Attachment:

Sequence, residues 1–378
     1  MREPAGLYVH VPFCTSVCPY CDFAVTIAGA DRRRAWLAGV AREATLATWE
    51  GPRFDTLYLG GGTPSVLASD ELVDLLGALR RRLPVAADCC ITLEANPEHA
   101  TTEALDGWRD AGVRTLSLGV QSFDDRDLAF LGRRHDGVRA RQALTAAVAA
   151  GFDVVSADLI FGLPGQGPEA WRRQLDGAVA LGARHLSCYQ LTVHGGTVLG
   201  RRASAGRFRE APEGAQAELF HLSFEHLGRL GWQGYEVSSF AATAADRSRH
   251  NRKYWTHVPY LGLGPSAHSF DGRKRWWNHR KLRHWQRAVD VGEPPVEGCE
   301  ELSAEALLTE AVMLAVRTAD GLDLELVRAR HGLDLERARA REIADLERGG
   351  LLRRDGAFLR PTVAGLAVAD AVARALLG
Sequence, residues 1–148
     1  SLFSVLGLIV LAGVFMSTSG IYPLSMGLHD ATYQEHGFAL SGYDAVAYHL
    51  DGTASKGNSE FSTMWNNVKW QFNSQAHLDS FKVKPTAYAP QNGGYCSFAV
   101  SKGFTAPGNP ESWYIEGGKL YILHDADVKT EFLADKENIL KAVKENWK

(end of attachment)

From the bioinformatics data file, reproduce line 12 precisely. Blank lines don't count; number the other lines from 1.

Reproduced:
    51  DGTASKGNSE FSTMWNNVKW QFNSQAHLDS FKVKPTAYAP QNGGYCSFAV